LOCATON: Dunbar, East Lothian, Scotland
WORDS: Gareth E Rees
During a research trip to Scotland this Summer I stopped off at my friends’ house in Dunbar, a coastal town 25 miles east of Edinburgh. It’s famous as the birthplace of John Muir, the explorer who created the USA’s national park system. In the late Victorian era it was a golfing holiday hotspot, famed for its blustery health-restoring air.
Hard to believe, but this was once a hugely popular open-air swimming pool in the halcyon days of the great British seaside holiday. Every July and August the population of Dunbar doubled its population of 5,000 as tourists flocked in from all corners of Britain.
This cove beneath the ruins echoed with laughter. Kids whizzed down slides and grown-ups tumbled from diving boards. Behind them, great foamy geysers spurted as the sea slapped against the walls of the lido.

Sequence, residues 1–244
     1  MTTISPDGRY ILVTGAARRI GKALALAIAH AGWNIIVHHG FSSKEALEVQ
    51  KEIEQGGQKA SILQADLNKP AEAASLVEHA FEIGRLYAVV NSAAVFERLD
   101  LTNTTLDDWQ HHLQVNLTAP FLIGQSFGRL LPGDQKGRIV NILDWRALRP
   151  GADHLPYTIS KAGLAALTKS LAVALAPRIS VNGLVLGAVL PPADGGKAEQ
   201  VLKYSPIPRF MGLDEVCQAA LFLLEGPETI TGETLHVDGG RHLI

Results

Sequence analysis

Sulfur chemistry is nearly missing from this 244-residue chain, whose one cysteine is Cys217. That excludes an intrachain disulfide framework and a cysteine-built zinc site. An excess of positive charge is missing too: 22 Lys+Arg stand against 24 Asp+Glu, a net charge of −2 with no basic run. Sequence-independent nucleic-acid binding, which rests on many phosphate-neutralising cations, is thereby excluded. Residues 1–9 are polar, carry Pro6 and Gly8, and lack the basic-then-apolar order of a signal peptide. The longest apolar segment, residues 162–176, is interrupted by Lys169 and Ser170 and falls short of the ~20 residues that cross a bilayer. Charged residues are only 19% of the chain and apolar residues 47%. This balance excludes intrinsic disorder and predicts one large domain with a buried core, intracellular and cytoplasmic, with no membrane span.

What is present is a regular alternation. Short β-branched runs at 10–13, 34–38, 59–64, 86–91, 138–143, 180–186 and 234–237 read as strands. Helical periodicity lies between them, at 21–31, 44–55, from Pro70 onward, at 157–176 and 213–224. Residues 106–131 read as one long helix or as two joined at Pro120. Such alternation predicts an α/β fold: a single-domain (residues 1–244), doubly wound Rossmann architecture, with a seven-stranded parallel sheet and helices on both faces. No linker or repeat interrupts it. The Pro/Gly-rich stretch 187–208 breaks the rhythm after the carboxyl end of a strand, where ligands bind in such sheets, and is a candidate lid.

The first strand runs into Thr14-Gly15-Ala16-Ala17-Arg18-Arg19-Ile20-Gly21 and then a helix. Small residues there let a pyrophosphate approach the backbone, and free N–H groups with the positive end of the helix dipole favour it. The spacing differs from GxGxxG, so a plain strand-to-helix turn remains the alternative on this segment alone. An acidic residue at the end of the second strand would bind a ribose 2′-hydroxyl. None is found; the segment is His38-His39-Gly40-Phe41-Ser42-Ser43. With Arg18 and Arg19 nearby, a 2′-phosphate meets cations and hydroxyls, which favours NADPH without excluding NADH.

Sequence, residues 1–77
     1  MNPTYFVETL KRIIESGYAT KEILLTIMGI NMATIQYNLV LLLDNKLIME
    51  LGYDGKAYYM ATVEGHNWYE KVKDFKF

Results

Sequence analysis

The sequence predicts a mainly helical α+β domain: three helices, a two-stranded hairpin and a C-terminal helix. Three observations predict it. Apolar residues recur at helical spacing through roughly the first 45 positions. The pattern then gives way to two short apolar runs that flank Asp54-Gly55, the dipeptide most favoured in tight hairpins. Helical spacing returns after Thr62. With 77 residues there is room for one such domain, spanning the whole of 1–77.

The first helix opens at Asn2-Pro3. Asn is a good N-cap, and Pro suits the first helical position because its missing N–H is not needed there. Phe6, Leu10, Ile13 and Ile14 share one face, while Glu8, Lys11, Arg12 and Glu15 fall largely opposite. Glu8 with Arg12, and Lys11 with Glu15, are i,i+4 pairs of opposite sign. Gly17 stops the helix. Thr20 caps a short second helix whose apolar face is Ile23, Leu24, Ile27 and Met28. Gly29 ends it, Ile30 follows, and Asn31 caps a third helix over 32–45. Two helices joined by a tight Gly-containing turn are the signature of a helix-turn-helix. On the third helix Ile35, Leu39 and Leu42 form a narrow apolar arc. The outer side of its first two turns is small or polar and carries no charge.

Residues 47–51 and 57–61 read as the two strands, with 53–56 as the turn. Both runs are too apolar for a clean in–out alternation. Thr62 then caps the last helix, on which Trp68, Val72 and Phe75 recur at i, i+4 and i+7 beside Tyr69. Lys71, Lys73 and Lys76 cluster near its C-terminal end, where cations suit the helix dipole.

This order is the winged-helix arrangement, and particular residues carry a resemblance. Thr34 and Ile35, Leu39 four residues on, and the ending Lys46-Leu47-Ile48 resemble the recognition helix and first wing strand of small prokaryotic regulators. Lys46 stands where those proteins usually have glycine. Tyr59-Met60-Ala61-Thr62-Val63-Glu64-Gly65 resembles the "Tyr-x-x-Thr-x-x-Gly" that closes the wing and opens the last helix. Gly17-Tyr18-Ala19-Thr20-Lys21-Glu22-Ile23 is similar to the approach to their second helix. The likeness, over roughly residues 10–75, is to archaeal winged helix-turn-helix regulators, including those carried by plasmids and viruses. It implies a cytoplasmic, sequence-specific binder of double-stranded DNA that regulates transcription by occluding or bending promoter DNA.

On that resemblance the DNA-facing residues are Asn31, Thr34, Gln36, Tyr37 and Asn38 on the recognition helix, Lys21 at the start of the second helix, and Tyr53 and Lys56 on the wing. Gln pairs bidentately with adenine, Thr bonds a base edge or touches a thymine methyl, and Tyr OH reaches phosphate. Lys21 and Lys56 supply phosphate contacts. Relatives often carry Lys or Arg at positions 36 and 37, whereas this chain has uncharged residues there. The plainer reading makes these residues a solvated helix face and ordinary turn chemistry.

Here’s a family home movie of the pool from 1965.
Seeing those images of the open air pool, there’s a sense that we’ve gone backwards somehow, that a future was lost in Dunbar. Or perhaps Dunbar’s past was a future which happened in a parallel universe.
In the 1960s and early ’70s the pool hosted diving competitions, swimming galas and an annual beauty contest.
Here’s footage of Miss Dunbar Bathing Beauty Competition in 1972:
For the full retro tour, a 1970s film called Dunbar – an A1 Resort catches the town – and the pool (15 minutes 30 seconds) – at the end of their tourist heyday. The beauty pageant footage at 16 minutes 20 seconds combines chilly looking women in bikinis with Benny Hill-speed jazz.
Or for an alternative perspective…
Here’s a brilliantly nightmarish take on the above footage:
To look at a great archive of photographs of the pool, pay a visit to the Lost Dunbar website:
ABOUT THE AUTHOR
Gareth E. Rees is author of Marshland: Dreams & Nightmares on the Edge of London. His work appears in Mount London: Ascents In the Vertical City, Acquired for Development By: A Hackney Anthology, and the album A Dream Life of Hackney Marshes. His essay ‘Wooden Stones’ appears in Walking Inside Out: Contemporary British Psychogeography.